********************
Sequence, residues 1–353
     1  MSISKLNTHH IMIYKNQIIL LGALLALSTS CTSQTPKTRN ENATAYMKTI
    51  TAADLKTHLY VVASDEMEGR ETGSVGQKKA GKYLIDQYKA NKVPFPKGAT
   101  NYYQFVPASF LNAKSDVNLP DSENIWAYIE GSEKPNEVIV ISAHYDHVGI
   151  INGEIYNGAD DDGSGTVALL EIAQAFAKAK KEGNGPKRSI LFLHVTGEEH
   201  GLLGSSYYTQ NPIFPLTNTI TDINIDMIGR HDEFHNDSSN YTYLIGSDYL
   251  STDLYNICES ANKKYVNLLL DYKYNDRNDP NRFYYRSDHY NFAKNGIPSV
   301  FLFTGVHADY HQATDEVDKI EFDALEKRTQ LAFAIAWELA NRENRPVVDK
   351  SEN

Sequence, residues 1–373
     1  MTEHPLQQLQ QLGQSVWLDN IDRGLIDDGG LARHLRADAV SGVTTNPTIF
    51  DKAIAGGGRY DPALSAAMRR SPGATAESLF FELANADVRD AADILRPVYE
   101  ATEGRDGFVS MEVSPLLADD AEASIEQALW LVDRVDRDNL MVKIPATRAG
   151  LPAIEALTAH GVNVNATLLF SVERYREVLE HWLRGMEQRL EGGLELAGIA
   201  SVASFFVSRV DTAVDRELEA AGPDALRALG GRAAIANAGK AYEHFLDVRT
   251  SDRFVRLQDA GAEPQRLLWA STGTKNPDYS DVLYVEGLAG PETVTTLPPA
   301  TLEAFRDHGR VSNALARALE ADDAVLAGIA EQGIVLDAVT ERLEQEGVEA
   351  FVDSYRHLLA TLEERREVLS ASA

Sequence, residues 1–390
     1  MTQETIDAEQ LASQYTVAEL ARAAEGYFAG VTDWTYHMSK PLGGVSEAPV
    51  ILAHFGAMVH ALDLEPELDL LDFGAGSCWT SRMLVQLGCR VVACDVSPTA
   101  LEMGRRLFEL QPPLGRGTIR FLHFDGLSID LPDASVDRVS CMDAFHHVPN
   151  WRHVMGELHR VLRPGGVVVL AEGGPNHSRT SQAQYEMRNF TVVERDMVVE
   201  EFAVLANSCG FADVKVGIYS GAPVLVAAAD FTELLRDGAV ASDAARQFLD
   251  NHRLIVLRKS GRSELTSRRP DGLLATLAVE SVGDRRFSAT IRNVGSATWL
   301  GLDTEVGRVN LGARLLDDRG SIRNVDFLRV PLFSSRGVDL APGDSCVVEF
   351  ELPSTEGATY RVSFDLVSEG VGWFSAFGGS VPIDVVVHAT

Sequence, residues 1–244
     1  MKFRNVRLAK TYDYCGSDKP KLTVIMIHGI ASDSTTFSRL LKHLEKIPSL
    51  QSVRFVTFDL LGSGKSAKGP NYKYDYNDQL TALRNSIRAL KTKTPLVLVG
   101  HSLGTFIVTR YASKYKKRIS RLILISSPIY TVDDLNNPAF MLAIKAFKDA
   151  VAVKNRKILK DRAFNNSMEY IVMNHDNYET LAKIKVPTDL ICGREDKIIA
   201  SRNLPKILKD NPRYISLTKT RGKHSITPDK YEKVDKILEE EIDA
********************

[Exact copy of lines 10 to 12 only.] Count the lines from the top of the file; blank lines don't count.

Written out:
Sequence, residues 1–373
     1  MTEHPLQQLQ QLGQSVWLDN IDRGLIDDGG LARHLRADAV SGVTTNPTIF
    51  DKAIAGGGRY DPALSAAMRR SPGATAESLF FELANADVRD AADILRPVYE